Saturday, December 09, 2006

Doing Stuff: Day 11, A Grafitti Exhibit And A Trip To The DMV

I returned to the Hawthorne Rec Center today (the place were two nights earlier I waged battle against fellow knights) to see a scheduled exhibit on the art of grafitti. This intrigued me because how much art remains in grafiti? A lot of grafitti does look really cool, but it doesn't look like an artform that has changed much over the years -- tags on buildings, bridges and trains still all look exactly as they did 10 years ago twhen I was briefly into all those old grafitti magazines. Is graffiti the art world's version of ska or is ska the music world's version of grafitti?

Alas, this exhibit was nowhere to be found. The Hawthorne Rec Center today was filled with parents watching some sort of dance recital while in another room young kids were making crafts. I probably seemed rather I Know My Name Is Steven-ish, hanging out by myself in such an atmosphere. I asked a custodian if he knew where the grafitti exhibit was -- he said he never heard of such a thing, but the kids inside one of the rooms were busted for vandalism and were doing some sort of community service. Then he said that every weekend afternoon, a group of folks head to the vacant lot across the street and spraypaint on the walls.

I didn't have much else to do, so I wandered into this vacant lot to take see what I could dig up. No one was over there when I was there, but I took some pictures. And now I can brag to my friends that I walked into a vacant lot at 12th and Carpenter -- not one of the better neighborhoods in the City of Brotherly Love. I know have street cred! And maybe lyme disease! The tags were pretty cool, not anything I haven't seen before, but it did make me wistful when I was 19 and would spend my money at Vintage Vinyl on TwoTone Records albums and various fanzines. Hood kids are still bombing buildings just as suburban kids are still going to see the Bouncing Souls and Mephiskaphales. I wonder of Trubo and Ozone ever had to save the rec center across the street?

I wanted to do something that wouldn't take a lot of effort because afterwards, I had to go to the DMV to get my license renewed and I prepared for this to be a draining experience. Naturally, things didn't go so well -- I can't find my social security card and in the Keystone State, this is required for a license, even though their website and printed literature at least indicates otherwise. The DMV clerk told me to take it up with a supervisor if I wanted to. I did, thinking that maybe I could convince some cold bureaucrat in a god-awful state-appointed position to see otherwise.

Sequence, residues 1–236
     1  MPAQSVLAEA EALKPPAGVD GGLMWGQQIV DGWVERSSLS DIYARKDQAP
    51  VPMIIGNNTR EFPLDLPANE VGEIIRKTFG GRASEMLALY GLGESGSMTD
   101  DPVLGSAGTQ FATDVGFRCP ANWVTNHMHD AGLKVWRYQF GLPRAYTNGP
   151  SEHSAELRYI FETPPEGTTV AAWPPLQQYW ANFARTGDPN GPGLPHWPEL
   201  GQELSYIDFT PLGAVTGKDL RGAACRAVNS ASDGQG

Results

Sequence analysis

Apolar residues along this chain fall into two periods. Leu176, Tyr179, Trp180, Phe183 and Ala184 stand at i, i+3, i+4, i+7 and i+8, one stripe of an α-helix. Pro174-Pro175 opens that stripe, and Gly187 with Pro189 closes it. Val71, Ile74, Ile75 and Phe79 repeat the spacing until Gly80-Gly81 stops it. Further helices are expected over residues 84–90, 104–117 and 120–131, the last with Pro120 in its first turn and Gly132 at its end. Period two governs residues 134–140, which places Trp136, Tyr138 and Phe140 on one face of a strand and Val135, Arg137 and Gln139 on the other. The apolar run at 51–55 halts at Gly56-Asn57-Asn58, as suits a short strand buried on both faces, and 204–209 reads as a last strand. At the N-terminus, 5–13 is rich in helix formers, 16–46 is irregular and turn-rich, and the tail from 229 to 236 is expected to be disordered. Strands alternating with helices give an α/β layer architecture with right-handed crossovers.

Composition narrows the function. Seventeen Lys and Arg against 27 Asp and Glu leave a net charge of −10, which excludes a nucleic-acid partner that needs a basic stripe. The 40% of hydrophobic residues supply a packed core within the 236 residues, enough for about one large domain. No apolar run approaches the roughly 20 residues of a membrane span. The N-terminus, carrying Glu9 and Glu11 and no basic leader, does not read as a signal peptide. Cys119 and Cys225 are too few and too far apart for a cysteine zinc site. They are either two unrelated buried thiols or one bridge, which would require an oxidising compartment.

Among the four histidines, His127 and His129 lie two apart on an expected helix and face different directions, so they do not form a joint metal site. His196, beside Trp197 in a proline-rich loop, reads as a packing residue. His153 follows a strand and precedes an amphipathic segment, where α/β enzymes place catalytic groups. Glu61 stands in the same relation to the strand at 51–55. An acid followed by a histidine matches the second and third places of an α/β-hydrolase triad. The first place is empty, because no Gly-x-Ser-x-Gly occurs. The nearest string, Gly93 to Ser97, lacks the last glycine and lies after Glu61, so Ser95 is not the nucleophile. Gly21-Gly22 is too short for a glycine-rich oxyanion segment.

Needless to say, I didn't. But I did meet the most warm-hearted, fatherly Pennsylvania Department of Transit License/Photo ID Center employee in all of the state. Ken took me into his office and showed me the help desk prompt which all PennDOT customer service folks read from. Then he looked online and saw where the confusion lies and made a note to contact his superior to have that changed. Then he showed me a picture of his daughter. After that, a crooked-toothed degenerate in oversized, outdated FUBU ran into the office.

"Heeeey, Ken my man, how you doing? You remember me? I was in her a while back, you helped me out with a license question."

Ken said that he did but obviously didn't.

"I'm here with my ex-wife today. She needs help getting her license."

The man left. Ken stared at me.

"Did he just say ex-wife? Man, I loooove this job."

I asked Ken how crazy his work gets, tossing him a softball hoping for a good story. Ken said folks have stormed into his office and have knocked the belongings off his desk, have thrown his office furniture around and have made some very dire threats. Luckily, Ken and other DMV employees have access to a panic button which notifies the police, like a bank being robbed.

Do people ever get arrested and handcuffed at his place of employment?

"I'm surprised when a day goes by when someone doesn't get dragged out of here in cuffs," he said. "Best job I ever had."


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